Paintings by artist and filmmaker Gus Van Sant are on display during his exhibition.
Renowned filmmaker Gus Van Sant has worked in cinema for more than four decades, but has never set aside his parallel interest in painting, a passion of his youth.
Nine recent canvases by the director known for films such as "Elephant," "My Own Private Idaho" and "Good Will Hunting" are now on show at the Vito Schnabel gallery in Greenwich Village until November 1, Van Sant's first solo exhibition in New York.
These watercolors on linen measuring 6.5 feet (two meters) high are almost all untitled and find a main character of sorts in a sketch of a nude man, who appears to float amid a dreamlike landscape with blending colors, waves of cars and at times one of Los Angeles' most known monuments, Griffith Observatory.
A resident of Los Angeles since the end of the 1970s, Vant Sant said he drew inspiration from "years of living within a small distance to Hollywood Boulevard."
"The images are meant to convey the transgressive emotions and activity found there. There are also moments of reflection, moments of desperation, hope, curiosity, and sometimes madness," he told AFP in an email.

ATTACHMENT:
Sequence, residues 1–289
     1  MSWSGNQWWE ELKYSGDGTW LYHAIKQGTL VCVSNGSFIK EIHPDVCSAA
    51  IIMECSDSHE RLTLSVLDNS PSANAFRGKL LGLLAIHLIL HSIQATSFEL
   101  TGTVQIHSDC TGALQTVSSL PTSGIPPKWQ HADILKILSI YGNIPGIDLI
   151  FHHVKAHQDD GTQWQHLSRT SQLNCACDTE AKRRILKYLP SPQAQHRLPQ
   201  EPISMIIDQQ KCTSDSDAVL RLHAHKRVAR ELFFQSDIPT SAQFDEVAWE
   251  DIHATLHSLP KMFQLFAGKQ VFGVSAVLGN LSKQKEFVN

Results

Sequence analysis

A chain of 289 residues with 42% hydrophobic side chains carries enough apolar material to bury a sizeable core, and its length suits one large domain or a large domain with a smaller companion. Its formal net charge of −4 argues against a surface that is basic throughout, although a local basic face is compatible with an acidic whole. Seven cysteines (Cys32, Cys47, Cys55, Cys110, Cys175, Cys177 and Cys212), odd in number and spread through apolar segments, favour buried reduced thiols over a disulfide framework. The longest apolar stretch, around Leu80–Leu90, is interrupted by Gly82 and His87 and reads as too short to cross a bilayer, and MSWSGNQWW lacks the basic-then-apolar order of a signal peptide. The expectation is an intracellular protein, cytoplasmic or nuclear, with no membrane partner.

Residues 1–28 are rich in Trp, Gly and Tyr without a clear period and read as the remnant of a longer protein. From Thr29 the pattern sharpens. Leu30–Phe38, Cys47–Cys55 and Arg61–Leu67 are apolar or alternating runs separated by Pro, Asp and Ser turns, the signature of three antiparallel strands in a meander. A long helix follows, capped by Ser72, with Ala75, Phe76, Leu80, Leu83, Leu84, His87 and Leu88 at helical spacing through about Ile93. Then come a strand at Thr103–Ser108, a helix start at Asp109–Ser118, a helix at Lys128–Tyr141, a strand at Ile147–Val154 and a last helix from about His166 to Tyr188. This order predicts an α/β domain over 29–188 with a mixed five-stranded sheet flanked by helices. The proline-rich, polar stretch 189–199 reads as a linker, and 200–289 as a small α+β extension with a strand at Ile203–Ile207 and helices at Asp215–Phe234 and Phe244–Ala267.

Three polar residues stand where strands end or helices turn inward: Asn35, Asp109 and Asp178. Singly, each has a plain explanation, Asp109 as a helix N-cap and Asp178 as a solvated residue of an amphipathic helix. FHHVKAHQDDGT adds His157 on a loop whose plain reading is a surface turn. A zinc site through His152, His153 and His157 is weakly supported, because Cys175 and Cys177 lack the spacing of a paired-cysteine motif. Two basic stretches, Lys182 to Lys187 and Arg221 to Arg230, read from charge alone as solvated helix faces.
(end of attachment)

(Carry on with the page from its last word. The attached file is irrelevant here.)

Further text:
Painting and filmmaking are "for the most part separate," said the Palme d'Or winner, but sometimes find a common thread.
"I think of filmmaking as somewhat story oriented with dramatic tension whereas painting has more visual, contextual, and compositional tension," he said.
His multidisciplinary tastes and love of painting are well known: in 2016, the French Cinematheque put on a retrospective of his work, showing his canvases as well as photography.
And in 2011, he and actor James Franco organized a show in Los Angeles of their respective works.
The majority of the nine canvases on display in New York are already spoken for, said Cy Schnabel, brother of the gallerist Vito, without specifying by whom.
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A rare royal tapestry housed at Notre-Dame cathedral in Paris has been spared the water damage officials feared, after firefighters doused the great mediaeval edifice to extinguish last April's devastating blaze.
Marc Chagall, the 20th century French-Russian artist who delighted fans with his vividly coloured, whimsical works, did many of his paintings using the same nine pigments - and hardly ever used black, researchers said on Friday.
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